Composting at Home
Composting is nature's way of recycling. Yard waste and food waste are broken down and become food for plants.
This page contains general information about composting at home, including links to the other pages related to composting.
NEW! Updated Composting Booklet Now Available!
In our newly updated waste reduction and composting booklet, we take waste reduction to a whole new level...in a very easy way. If you're interested in learning how to reduce your food and yard waste, and also learn different methods of composting, this is the booklet for you!
What is composting?
Composting is just another form of recycling. When you compost, you're tapping into the natural nutrient cycle. In nature, organic waste from plants and animals is recycled by decomposition. Composting is controlling that decomposition to speed it up and produce a stable and odorless material for plants to use.
Composting your kitchen scraps and yard waste at home can help divert material from your local landfill and provide a good quality product for use in your yard and garden. Home composting is both fun and easy to do, and does not require large investments of time, money, or effort to be successful. Read more on our Benefits of Composting page!
What about compost bins?
You don't need a compost bin to compost, but the County offers a discounted composting bin program if you want one. The bins are made by Earth Machine and are sold for $40.00 each (price includes tax). Learn more about our discounted compost bin sale.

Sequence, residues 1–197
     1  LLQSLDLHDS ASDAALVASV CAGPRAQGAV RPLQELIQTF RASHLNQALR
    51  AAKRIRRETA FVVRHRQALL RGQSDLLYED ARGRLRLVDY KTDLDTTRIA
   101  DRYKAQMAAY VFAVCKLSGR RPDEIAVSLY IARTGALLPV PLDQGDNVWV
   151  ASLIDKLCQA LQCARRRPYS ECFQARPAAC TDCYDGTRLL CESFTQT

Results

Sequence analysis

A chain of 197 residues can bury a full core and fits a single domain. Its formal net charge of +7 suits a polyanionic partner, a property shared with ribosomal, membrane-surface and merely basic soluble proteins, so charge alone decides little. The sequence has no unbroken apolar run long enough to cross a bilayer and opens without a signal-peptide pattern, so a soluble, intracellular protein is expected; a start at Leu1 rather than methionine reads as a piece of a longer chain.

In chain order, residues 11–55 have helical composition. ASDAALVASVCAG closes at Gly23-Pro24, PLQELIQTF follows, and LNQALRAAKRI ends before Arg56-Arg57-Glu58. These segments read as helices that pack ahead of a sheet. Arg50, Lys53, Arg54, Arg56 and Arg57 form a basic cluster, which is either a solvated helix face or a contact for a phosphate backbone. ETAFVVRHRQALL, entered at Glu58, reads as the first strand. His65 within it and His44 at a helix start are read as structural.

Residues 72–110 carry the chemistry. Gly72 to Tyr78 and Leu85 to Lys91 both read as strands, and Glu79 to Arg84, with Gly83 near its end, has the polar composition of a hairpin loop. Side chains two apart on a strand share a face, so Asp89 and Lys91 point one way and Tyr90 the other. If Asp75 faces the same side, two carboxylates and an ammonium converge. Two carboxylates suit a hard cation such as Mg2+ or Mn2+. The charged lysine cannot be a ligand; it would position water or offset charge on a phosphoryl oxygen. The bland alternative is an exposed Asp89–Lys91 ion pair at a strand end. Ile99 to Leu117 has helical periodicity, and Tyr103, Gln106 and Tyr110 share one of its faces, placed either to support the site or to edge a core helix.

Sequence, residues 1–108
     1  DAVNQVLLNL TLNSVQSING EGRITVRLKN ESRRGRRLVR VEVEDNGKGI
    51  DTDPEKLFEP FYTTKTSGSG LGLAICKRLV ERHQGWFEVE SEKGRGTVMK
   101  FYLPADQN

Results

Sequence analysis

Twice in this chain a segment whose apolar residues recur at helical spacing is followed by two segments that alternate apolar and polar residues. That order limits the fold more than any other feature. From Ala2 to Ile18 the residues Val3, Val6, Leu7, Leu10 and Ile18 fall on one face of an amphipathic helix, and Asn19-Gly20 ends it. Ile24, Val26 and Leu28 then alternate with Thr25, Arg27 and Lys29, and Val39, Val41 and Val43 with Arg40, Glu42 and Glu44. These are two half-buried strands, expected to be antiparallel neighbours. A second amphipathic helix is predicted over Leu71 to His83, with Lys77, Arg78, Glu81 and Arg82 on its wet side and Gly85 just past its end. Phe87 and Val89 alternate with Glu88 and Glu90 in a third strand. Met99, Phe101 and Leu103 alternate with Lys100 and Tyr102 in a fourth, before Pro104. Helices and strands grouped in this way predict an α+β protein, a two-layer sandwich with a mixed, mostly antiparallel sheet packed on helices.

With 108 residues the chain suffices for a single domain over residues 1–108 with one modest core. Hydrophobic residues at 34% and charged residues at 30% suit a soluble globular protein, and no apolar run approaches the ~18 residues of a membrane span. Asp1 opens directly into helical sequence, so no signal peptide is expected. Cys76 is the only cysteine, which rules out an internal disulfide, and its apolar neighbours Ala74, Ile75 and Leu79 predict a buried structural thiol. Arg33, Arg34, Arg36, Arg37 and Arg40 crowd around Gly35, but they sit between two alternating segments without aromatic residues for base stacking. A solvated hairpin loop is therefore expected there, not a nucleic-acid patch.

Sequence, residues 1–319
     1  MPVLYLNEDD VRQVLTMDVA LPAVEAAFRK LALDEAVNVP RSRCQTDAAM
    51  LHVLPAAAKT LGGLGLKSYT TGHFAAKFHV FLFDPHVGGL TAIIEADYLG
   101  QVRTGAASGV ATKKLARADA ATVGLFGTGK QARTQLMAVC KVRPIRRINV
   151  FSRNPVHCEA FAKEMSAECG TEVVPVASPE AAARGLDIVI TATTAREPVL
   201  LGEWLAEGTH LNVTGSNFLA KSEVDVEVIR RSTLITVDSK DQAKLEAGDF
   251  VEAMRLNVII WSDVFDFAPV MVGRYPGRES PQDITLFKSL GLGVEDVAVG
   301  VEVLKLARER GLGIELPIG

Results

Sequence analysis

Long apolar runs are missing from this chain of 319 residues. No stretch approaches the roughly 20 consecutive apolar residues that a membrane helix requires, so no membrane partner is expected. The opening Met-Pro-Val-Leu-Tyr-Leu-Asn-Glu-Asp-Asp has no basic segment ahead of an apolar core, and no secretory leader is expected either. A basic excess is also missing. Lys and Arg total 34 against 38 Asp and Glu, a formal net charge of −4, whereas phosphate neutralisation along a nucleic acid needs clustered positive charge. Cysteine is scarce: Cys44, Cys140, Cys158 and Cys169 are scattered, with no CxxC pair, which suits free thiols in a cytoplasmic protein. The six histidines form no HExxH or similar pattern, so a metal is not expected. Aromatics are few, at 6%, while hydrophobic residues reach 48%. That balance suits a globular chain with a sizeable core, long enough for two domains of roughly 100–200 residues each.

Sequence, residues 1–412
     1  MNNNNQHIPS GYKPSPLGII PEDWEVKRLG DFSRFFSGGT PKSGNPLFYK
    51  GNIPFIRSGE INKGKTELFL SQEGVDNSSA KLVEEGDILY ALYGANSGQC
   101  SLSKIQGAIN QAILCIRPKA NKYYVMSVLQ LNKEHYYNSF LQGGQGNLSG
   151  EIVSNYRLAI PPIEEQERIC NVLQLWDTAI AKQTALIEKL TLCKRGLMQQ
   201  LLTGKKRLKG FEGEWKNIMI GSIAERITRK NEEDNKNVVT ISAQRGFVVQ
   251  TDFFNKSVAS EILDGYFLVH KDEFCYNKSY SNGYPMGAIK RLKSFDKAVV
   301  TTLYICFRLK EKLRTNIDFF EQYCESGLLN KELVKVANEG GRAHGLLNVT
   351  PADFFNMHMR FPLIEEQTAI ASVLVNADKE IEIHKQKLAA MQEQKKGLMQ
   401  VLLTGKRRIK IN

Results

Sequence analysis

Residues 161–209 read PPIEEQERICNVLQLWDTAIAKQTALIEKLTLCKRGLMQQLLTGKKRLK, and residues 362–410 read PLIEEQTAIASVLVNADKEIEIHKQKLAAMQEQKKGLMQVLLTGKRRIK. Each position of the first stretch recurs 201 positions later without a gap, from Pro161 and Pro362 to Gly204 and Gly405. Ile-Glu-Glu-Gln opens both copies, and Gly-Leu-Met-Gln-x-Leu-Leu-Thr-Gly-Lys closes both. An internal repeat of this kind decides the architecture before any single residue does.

An even less expensive approach is to simply maintain a compost pile in a remote part of your yard. You can also construct a compost enclosure from a variety of materials. Find more information in our composting booklet below.
Are other types of bins available?
Commercial composting bins are generally available at local nurseries, feed stores, garden shops, and home improvement stores. Depending on the model, costs vary from $25 to $300, though most sell in the $50 to $125 range. Check out where to buy composting bins on our Retail Compost Bins Page.
What about worm composting?
If you live in an apartment or condominium and would like to compost your kitchen scraps, you might consider vermicomposting. Vermicomposting uses red worms in a small container to convert your fruit and vegetable peelings into a nitrogen-rich compost product that is perfect for house plants and planter boxes. Read more on our Vermicomposting page.
If you live in Santa Barbara County and would like a hard copy of either booklet, contact us and we'll send you one. Please don't forget to include your mailing address!
And attend one of our free workshops
County staff holds free backyard composting workshops in the spring. Read more about them on our Compost Workshop page. Or have your composting questions answered by calling (805) 882-3618 or contacting us. Just give us a little time to respond!
Where to go
- Benefits of Composting
- Business Food Scraps Collection
- Compost Workshops
- Discount Compost Bins
- Food Donation
- Food Waste Prevention
- Manure Program
- Retail Compost Bins
January 20, 2015 by Sam Dickinson - Electronics
September 05, 2014 by Leslie Robinson - Food Forward
July 07, 2014 by Sam Dickinson - Food Forward
May 12, 2014 by Sam Dickinson - Yard Waste
May 05, 2014 by Sam Dickinson - Food Forward
April 15, 2014 by Sam Dickinson - Food Forward
February 13, 2014 by Tom Chiarodit - Yard Waste
May 10, 2013 by Leslie Robinson - Yard Waste
May 24, 2012 by Jeff Simeon - Yard Waste
November 19, 2011 by Jeff Simeon - Yard Waste
June 13, 2011 by Jeff Simeon - Electronics
May 09, 2011 by Jeff Simeon - Yard Waste
December 01, 2010 by Jeff Simeon - Yard Waste